E.E. McCollum’s portfolio At Seventy was selected by Rfotofolio for the 2020 Rfotofolio Selections.He was the 2020 Lensbaby Award winner. We are pleased to share his work. Please click on images to to see a different view.
On the heels of a project shot entirely in the studio using digital equipment, I wanted something different, something to stretch another set of creative muscles.And so I began to make self-portraits on expired film.
As I talked with a few friends about my new project, they all asked the same question. Why was I using expired film?
“It just seems right for someone who’s coming up on his own sell-by date,” I joked.
But there was something more beneath the humor. At nearly 70, the inevitability of aging had not escaped my notice. I had left behind a satisfying career for the unknown world of retirement. My knees didn’t work like they used to. My mother died at age 98, leaving me without living parents. I found my daydreams wandering into the past as often as they imagined the future. And I began writing notes to myself — reminders of the simplest things. What, I wondered, is my life now all about? And what can making photographs about it teach me?
My project has been ongoing for a few months now. Like any inquiry, terms change as the work progresses. I am, it seems, still photographing my way into this project — making photographs not just to express something but to discover something. My use of expired film has had unanticipated consequences. For one thing, it frees me to take risks. The film is already spoiled in some sense; I never know what will appear when I take a roll out of the developing tank. Adding the element of chance to the mix of making images relieves me of the pressure to make a successful photo. It also opens doors to experimentation. I looked for something satisfying in the often grainy, sometimes obscured images. As I let go of my expectations of the image quality that digital provides, I found that satisfaction. Suddenly, there was mystery, an intriguing lack of clarity, and room to imagine in my photographs. I let go of other expectations, too. Some rolls of film came out of the developer completely blank. One roll had only a single usable image. All these experiences were lessons all along the way. Work slowly, be patient, accept that you don’t have control over the process.
I started this project with an eye toward exploring aging. Growing older unsettles the delicate balance of knowing we will die while living with that awareness in such a way that we avoid despair. As I made more images, however, my inquiry widened. I wondered what portraits — and especially self-portraits — captured and didn’t capture about the subject. I am experimenting with images that don’t include me at all, where my absence alludes to my presence. I place photos of myself in some images, making photographs of photographs. Each image, it seems, both reveals and obscures. E.E. McCollum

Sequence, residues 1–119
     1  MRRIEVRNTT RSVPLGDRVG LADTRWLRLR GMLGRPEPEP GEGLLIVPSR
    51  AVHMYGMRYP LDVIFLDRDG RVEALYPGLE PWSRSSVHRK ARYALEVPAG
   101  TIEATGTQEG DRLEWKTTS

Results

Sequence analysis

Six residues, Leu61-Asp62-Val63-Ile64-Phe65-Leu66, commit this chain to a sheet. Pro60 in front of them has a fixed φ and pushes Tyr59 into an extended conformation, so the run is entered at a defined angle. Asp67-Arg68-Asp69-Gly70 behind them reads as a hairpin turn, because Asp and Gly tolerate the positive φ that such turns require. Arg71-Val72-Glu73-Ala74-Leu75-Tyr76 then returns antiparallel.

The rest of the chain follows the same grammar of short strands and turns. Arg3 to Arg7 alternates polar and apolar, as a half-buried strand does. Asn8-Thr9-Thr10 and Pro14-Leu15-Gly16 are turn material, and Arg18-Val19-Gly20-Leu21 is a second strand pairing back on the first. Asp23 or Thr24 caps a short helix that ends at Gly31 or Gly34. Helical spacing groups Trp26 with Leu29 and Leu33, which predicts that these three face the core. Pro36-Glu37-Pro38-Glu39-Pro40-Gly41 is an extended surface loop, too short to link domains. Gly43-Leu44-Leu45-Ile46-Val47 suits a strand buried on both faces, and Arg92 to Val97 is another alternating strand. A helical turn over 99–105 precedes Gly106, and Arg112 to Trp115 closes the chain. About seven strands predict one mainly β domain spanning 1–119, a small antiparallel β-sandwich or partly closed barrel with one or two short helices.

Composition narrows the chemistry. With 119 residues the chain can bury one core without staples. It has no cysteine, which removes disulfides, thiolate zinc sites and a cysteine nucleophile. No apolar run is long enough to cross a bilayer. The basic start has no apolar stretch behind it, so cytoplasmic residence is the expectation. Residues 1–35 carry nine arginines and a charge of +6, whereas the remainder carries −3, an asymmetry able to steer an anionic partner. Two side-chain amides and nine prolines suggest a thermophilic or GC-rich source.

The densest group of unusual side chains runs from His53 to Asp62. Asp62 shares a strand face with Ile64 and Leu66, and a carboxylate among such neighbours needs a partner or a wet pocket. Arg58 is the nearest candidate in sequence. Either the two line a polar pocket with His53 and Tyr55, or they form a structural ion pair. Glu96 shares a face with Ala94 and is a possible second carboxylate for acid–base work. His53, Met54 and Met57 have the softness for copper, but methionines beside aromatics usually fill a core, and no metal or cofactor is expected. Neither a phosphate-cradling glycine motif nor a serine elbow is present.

To learn more about the work of E.E. McCollum please visit his page by clicking on his name.
Thank you for sharing EE’s work. I know of few photographers who so honestly portray the process of aging. Using expired film and accepting whatever image appears is a perfect metaphor for the time period that we all hope to inhabit.
Thank you for such a lovely comment, Fran.
Somehow, the use of expired film seems to be an example of a means of looking at the present, and perhaps the future, through the perspective of our experience. A couple of weeks ago I awaked with a hook from an old popular song from Steve Miller in my head: “…time keeps on slippin’…slippin’…slippin’…into the future.” Thanks to Rfotofolio and to EE for sharing this vision.
What powerful work and so appropriate now, as life becomes increasingly ephemeral. Perhaps this work as well as what society is going through right now will help people understand and respect the process of aging. Love the expired film and the way time is portrayed in these images.
Thanks to both Norm and Lynne. It is so nice to know that others respond to my work!
The light and out of focus is wonderful as is the absence suggesting presence. The use of expired film requires a surrender to the unknown and letting go of control, both creating a fertile ground for the mystery. Aging is much about surrender and letting go too. Thanks for these great images, love the meditative figure by the window with a tree – life – in the distance.
I am never surprised by the different directions Eric goes in his life, his work, his art, his relationships with the world. He is never satisfied to sit on the surface, but delves for more experience and more meaning. And then, bless him, he shares!! At Seventy means a lot to me. Thanks, Eric! Linda Holvik